The other day it was cool enough outside to create a need for the heat to turn on in the house. The thing is there was a problem. We could tell something was not right, so we hit the emergency kill switch. Now when the technician comes into your house and starts poking around do you really have a clue what they are doing, looking at or what the end result will be?
When working with a client you see the solutions. You see the answers. The coaching process demands that the coach does not ‘tell’ the client what to do. The client must ‘discover’ their own answers from within. This is for meaningful growth and change to take place. Is this how you practice your coaching?
There are coaches who often step in and step out. This means they are requesting permission or stating, “May I take my coaching hat off for a moment?” Then they proceed to offer their client opinions, directions and statements of direction, none of which are part of the practice of coaching an individual. Does this describe your method of coaching?
Feel free to state your views and practices in the comments area.
The point of this article is if we are to add value to others we should want that value to stick. While we are there for our client we cannot force a client to change, to grow, or to act. A client must want to do these themselves with our support and guidance as professional coaches. Anything less is to cheat the client of the opportunity for true change, true growth, and taking real action.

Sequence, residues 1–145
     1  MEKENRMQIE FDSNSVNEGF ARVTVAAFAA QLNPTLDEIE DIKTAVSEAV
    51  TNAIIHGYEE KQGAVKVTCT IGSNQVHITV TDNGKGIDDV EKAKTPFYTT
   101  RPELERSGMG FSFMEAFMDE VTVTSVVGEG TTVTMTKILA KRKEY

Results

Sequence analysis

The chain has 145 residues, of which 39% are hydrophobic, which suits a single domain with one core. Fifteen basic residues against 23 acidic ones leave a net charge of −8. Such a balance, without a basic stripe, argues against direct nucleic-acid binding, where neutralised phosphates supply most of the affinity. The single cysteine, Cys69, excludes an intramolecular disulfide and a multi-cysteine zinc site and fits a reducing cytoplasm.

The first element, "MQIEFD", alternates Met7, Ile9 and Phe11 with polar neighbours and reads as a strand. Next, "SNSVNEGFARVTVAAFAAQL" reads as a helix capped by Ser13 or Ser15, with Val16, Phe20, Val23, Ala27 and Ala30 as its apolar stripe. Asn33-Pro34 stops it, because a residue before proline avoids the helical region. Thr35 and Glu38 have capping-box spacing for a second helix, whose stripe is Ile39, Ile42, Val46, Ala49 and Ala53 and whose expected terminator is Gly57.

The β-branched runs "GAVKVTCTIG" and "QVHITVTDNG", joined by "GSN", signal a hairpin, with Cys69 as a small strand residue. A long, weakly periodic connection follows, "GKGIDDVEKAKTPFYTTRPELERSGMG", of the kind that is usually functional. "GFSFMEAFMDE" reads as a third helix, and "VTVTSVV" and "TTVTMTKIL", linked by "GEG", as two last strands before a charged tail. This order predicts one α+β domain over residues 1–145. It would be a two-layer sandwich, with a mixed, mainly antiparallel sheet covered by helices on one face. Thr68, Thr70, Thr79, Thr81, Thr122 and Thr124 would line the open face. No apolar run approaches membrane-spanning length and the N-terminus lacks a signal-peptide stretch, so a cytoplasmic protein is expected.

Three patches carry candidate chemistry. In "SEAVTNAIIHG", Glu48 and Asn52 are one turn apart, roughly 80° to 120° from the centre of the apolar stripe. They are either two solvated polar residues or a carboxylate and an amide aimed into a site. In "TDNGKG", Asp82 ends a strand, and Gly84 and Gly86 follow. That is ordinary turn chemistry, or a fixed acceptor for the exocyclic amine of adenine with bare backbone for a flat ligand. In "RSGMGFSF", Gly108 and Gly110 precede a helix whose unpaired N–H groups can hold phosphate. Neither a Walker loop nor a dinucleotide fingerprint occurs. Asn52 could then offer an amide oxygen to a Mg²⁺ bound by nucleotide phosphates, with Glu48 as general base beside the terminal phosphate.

Consider for a moment the consultant who works on a project for an hourly rate.
Is there an incentive to add value and provide solutions to the client or to continue to ensure there are more hours to bill to the client? The consultant who instead bills by the result and the solution will be paid in full as the result and the solution are worth the fee paid. The time it takes is not material to the conversation. It should not matter if the result and the solution takes one day or six months.
In a similar fashion a coach who designs their practice to where the coach becomes the crutch and the client always needs to use the crutch is setting themselves up for more hours to bill than to provide the client with true value.
It is when this is done by design the question is – values or money which means more to you?
Mitch Tublin is an advanced certified executive and personal coach who resides in Stamford, CT.